Acute pancreatitis is an inflammation initially localized in the pancreatic gland which may lead to local and systemic complications. The development of severe acute pancreatitis is mediated by pathophysiological mechanisms involved in the systemic inflammatory response, cytokines and oxidative stress being their components of major importance. Nevertheless, it is still unknown why an episode of acute pancreatitis remains mild or progresses to a severe form. Activated leukocytes are the main source of cytokines. Interleukin 1β and tumor necrosis factor alpha (TNF-α) initiate and propagate almost all the consequences of the systemic inflammatory response syndrome, leading to amplification of the inflammatory response. It is noteworthy that the systemic inflammatory response is restrained and the rate of mortality decreased in acute pancreatitis when TNF-α is blocked with specific antibodies or in knock-out mice deficient in its receptors. A synergy between pro-inflammatory cytokines and oxidative stress occurs in the development of the inflammatory response in acute pancreatitis. Pro-inflammatory cytokines and oxidative stress trigger common signal transduction pathways that lead to amplification of the inflammatory cascade, mainly through activation of mitogen-activated protein kinases (MAPK) and nuclear factor kappaB (NF-κB). Furthermore, proinflammatory cytokines, particularly TNF-α, and oxidative stress promote each other generating a vicious circle in acute pancreatitis. This cross-talk that arises between pro-inflammatory cytokines and oxidative stress greatly contributes to amplification of the uncontrolled inflammatory cascade through MAPK and NF-κB.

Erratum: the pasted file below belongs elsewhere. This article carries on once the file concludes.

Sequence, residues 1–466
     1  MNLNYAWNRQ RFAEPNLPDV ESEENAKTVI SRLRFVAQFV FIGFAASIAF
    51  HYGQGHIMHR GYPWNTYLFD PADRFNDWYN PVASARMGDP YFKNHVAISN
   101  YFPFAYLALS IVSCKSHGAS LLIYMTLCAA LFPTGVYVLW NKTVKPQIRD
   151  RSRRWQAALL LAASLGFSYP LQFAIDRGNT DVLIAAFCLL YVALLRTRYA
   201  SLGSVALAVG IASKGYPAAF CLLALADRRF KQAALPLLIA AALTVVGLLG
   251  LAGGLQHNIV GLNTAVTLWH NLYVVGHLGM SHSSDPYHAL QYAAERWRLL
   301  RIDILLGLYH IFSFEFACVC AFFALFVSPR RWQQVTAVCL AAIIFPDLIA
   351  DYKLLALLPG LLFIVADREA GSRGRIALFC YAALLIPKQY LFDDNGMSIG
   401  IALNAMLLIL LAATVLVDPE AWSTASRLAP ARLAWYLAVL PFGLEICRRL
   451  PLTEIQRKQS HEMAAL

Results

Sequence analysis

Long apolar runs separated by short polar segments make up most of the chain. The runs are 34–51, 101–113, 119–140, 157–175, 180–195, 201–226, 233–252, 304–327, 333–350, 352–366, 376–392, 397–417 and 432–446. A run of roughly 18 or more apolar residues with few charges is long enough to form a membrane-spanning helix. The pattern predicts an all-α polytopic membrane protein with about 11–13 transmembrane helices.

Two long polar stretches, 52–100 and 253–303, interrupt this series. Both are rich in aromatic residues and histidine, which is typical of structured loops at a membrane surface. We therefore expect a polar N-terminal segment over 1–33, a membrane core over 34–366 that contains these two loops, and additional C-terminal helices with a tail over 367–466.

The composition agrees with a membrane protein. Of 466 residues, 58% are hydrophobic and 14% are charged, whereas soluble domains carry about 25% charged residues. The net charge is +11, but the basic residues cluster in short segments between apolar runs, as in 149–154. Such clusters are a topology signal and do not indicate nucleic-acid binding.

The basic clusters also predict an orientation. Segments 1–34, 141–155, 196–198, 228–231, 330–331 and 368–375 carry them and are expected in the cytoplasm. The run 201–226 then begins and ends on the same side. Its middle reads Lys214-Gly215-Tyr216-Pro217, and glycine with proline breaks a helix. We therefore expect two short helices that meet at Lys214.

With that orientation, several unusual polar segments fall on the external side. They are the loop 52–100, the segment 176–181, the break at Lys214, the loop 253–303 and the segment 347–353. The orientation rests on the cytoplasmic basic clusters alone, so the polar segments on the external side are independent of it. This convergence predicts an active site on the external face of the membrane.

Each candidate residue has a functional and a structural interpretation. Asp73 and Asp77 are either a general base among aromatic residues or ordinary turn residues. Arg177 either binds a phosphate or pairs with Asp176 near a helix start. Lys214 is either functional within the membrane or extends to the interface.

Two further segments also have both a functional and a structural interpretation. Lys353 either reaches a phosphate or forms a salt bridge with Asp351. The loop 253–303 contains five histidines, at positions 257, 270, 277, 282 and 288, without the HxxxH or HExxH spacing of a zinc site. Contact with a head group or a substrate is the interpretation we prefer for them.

Keywords: Tumor necrosis factor α, interleukin 1β, platelet activating factor, oxygen free radicals, glutathione, lipid peroxidation, xanthine oxidase, nitric oxide
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